Updated, 5:11 p.m.: Mosby and Harris abstained on $118 million capital budget vote.
NORWALK, Conn. — Four Norwalk Board of Education members had no luck Tuesday in slowing down two critical education choices as Norwalk moves to build new schools, even if they were parroting comments made by Mayor Harry Rilling.
Their five compatriots instead went with the proposal outlined by Superintendent of Schools Steven Adamowski, approving it without any amendments. That vote set up a subsequent vote, sending this proposal forward through the city’s capital budget process:
- A request for $45 million in the 2017-18 capital budget to build a new school at the Nathaniel Ely School site, to be the new home of Columbus Magnet School and its Banks Street program
- A request for $70.1 million in the 2017-18 capital budget to build onto the Ponus Ridge Middle School site, making it a K-8 STEM (Science, Technology, Engineering and Mathematics) magnet school
- A request for $2.2 million in the 2018-19 capital budget and $34.4 million in the 2019-20 capital budget to renovate Columbus Magnet School and offer an International Baccalaureate (IB) program there
- A request for $1.9 million in the 2018-19 capital budget and $30.1 million in the 2019-20 capital budget to renovate Jefferson Elementary School and make it a neighborhood school once again
Rilling was not present, as he is in Washington DC for the U.S. Conference of Mayors get together, but Assistant to the Mayor Laoise King read a statement from him at the beginning of the meeting.
“The price tag for building new schools is not cheap but the mayor believes it is a smart investment in the future of our city. However, he believes that is imperative that parents in the community have an opportunity to fully participate in the process. This is a significant investment and one that should be taken very thoughtfully,” King said.
Although there have been public meetings and a survey, there needs to be more public input, Rilling said through King.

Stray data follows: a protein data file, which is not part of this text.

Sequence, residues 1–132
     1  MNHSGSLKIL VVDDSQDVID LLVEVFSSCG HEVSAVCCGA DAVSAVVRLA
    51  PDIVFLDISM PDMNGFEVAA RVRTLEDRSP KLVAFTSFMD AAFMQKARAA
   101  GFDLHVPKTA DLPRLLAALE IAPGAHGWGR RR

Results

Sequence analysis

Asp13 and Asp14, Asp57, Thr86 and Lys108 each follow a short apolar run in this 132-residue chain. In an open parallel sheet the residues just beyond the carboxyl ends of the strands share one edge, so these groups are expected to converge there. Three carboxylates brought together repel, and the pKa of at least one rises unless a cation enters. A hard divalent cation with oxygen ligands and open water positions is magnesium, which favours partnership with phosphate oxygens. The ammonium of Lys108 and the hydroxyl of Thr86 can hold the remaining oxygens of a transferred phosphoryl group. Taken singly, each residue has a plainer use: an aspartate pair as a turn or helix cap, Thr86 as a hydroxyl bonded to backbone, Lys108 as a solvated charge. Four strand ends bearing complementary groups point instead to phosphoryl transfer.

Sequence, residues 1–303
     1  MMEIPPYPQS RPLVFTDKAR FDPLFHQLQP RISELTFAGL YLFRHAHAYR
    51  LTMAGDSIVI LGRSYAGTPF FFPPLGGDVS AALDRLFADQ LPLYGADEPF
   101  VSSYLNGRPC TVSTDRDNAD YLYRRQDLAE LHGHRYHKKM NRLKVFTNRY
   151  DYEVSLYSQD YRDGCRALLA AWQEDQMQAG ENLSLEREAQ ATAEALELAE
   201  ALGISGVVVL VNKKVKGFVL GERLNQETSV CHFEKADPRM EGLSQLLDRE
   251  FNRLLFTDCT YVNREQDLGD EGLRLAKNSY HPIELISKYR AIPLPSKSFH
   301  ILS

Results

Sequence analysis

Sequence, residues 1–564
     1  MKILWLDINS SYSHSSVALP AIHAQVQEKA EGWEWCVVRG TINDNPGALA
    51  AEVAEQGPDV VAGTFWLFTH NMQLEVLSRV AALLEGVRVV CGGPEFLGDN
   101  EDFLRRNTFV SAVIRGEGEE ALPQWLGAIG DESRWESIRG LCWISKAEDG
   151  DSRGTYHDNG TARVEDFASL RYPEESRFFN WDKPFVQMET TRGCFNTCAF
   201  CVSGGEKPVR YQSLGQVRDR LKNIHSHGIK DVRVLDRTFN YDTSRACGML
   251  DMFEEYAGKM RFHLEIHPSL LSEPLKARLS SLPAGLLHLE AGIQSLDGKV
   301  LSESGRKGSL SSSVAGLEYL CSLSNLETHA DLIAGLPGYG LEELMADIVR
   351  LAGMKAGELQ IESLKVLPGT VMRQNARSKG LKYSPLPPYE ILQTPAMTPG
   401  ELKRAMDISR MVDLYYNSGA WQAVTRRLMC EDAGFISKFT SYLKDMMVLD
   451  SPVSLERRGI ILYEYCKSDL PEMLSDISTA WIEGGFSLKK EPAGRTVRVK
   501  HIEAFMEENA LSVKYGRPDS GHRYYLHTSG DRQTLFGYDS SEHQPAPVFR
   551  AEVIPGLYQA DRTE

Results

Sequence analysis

“The recommendation of the type of school has been rushed and lacked significant public engagement,” King said, reading Rilling’s statement. “There’s also been too little public discussion on plans for student relocation and the schedule. A deeper and more robust engagement must be undertaken to insure parent and community voice has an opportunity to shape the direction of these new schools. The mayor supports the Board of Education proposal to build the new schools and he will include the requested funding in capital budget but asks that the vote on the themes and corresponding building needs be delayed.”
State Rep. Bruce Morris (D-140) went on to again urge a delay, as the idea of a magnet school only came forward in “like the last 30 days”
“This is a $180 million investment, local taxpayer dollars, that you the Board have been given to make a decision on,” Morris said, although the schools would be funded at least 30 percent by the state, and Morris said in a previous meeting that the South Norwalk school could get 80 percent reimbursement under a state diversity grant.
“I challenge whether you have got adequate information because the plan that you have has evolved since many of us have started asking questions, as early as October,” Morris said.
Former Common Council member Amanda Brown, Diane Lauricella and former BoE member Migdalia Rivas also asked for more time.
Rev. Lindsay Curtis said he is “absolutely in favor of new schools” but questioned how the plan changed “all of a sudden” from the South Norwalk neighborhood school that was originally suggested to moving Columbus to the Ely site.
“I think what that does is create division within the community. I think that the way we resolve all of this is to involve the community to allow input collectively to find out what is best for South Norwalk and for these two schools specifically,” Curtis said. “… It almost feels punitive because of the resistance that was initially felt with the school in South Norwalk. So all of a sudden, that process was taken off the docket and all of a sudden we are going to move Columbus into that school.”
Adamowski later recounted how many people were involved in the recommendations and said the plan addresses multiple long term issues.
“The school district and its leaders have stared at this problem without action for the past decade,” Adamowski said. “All of the adults will never agree on every last detail, this will never be a perfect solution. Every last person will never feel they were sufficiently involved. These issues cannot be decided by plebiscite. When we try to do that the community becomes divided and immobilized. This is why we have a representative, elected Board of Education, charged with doing the best it can for all students.”